There were a lot of suggestions and comments from the public, the crowdfunding market itself. From the first publishing of the regulations in March, the biggest change was probably the fact that the five percent that professional investors have to put in – before it had to be put in before the offer went [out to unaccredited investors]. Now, it’s a condition that still applies – the offers still need five percent to be put in by professional investors – but it can come at the end. It doesn’t have to come before the offer is published online. This is something that was changed following requests from people who left negative comments about that provision of the regulation.

In general, some things have been simplified – for example, the criteria that portal operators have to meet to become equity portal operators. Another important [change] is – there is the MIFID, an E.U. directive, which was a big obstacle in the first regulations that have been published. Now, the directive has been simplified, as well, in the sense that small investors have got some exemptions from the directive. So for them it’s easier to make an investment, but just for investments that are below €500, and in total €1,000 per year. So, very small investments. Probably the most negative comments about the regulation now are about this, because a lot of people find €500 per offer to be a very small investment.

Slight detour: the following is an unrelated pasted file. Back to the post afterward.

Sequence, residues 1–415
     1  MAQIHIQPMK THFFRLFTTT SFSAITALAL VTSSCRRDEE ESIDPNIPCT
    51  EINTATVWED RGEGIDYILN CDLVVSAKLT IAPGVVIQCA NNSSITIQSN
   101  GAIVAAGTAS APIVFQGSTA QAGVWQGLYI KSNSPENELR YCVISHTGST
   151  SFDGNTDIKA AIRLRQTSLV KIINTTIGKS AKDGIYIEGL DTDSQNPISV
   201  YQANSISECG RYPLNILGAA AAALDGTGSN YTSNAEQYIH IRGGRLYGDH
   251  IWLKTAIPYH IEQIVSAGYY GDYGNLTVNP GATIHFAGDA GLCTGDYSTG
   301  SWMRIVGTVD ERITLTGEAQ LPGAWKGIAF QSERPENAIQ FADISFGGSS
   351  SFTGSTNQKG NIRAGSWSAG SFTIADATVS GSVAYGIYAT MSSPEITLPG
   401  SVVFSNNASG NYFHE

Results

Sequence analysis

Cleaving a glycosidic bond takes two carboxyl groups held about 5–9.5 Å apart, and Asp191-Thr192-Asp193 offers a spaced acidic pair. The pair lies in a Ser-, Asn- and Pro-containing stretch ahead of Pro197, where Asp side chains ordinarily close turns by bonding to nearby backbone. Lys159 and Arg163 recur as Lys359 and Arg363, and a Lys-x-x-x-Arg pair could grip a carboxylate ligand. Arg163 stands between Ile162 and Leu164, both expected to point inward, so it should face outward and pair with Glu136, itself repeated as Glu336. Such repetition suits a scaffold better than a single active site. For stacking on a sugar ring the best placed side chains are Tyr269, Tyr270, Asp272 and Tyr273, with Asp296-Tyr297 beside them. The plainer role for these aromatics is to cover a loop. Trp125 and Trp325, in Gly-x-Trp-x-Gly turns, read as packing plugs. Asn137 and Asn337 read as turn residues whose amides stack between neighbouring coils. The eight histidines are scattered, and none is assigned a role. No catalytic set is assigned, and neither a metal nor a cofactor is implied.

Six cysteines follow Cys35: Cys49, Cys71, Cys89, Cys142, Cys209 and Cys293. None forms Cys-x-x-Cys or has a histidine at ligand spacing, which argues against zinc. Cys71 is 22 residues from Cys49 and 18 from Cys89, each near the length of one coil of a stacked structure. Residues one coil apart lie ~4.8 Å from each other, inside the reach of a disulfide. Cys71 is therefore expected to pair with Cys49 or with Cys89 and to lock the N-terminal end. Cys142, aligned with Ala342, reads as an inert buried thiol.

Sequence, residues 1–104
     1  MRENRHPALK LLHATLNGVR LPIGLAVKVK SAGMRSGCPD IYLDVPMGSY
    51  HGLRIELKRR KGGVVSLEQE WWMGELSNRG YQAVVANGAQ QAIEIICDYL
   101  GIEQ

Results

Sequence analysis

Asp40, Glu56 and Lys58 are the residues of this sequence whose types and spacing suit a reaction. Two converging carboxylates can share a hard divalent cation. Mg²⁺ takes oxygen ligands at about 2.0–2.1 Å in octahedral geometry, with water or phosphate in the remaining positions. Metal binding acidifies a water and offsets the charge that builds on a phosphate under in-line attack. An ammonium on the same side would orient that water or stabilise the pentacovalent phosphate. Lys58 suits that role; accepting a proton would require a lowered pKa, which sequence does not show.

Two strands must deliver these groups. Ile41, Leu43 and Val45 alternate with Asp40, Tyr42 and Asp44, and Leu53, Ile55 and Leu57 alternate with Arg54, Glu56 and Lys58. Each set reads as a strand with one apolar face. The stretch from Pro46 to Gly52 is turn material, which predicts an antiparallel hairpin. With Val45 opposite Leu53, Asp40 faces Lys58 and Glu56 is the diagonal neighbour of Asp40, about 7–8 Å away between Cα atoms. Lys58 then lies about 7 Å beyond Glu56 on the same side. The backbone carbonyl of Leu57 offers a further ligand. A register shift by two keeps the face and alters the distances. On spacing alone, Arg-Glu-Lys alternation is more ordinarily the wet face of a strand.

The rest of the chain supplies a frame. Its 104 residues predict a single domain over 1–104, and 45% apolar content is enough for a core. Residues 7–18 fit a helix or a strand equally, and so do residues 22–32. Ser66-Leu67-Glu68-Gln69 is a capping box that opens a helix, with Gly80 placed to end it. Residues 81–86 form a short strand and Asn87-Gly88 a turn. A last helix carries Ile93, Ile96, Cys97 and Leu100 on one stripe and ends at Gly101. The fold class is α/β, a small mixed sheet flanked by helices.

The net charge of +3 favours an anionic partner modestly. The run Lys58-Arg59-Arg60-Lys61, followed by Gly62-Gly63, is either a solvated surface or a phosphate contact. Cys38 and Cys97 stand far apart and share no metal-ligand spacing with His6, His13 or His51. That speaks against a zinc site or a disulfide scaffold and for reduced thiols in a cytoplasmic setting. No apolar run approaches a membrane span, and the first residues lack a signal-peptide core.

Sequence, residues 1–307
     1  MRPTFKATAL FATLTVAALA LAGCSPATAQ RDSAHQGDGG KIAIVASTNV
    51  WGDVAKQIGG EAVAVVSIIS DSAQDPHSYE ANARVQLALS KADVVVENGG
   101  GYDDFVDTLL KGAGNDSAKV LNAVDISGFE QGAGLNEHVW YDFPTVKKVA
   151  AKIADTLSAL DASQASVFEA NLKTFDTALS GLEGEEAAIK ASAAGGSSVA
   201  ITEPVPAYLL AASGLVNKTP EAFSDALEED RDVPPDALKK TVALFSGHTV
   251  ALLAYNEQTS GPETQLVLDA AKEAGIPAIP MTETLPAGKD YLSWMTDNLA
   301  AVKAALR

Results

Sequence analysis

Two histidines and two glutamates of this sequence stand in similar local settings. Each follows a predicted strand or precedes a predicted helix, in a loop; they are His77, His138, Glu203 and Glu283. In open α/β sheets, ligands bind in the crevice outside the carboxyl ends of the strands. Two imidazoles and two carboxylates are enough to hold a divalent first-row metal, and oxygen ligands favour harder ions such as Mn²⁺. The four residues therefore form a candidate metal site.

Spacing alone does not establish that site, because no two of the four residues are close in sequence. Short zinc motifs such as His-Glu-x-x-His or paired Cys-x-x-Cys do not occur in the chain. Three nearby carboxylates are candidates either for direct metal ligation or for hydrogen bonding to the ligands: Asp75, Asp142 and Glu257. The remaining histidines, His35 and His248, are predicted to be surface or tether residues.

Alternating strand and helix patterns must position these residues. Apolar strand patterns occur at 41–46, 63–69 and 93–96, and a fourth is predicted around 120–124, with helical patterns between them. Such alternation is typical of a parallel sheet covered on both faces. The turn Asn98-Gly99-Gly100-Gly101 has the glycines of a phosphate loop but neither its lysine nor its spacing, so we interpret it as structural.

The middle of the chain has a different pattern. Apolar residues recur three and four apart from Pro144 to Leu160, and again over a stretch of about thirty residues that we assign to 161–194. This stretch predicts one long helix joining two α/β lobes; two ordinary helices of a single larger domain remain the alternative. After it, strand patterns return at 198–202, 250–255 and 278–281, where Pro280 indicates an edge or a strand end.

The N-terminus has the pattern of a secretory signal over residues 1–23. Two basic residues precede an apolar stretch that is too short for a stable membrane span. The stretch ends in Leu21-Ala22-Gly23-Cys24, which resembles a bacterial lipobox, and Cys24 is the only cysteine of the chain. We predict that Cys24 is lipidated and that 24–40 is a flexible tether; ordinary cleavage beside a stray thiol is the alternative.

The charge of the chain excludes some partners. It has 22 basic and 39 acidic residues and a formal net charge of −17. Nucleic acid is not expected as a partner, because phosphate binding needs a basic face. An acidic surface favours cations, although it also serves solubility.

You brought up a lot of interesting things there, and I want to return to them later, but this is something you’ve been following for some time – can you just briefly give some background on what these laws allow and do not allow, and how they came to be?